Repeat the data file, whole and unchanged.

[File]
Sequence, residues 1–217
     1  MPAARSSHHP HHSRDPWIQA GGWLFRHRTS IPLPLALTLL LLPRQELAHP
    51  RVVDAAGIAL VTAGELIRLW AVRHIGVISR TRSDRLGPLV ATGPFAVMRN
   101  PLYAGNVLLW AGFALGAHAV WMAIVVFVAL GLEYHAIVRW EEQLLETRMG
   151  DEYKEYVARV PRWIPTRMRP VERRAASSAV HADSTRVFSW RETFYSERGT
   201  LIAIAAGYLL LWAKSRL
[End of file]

Sequence, residues 1–217
     1  MPAARSSHHP HHSRDPWIQA GGWLFRHRTS IPLPLALTLL LLPRQELAHP
    51  RVVDAAGIAL VTAGELIRLW AVRHIGVISR TRSDRLGPLV ATGPFAVMRN
   101  PLYAGNVLLW AGFALGAHAV WMAIVVFVAL GLEYHAIVRW EEQLLETRMG
   151  DEYKEYVARV PRWIPTRMRP VERRAASSAV HADSTRVFSW RETFYSERGT
   201  LIAIAAGYLL LWAKSRL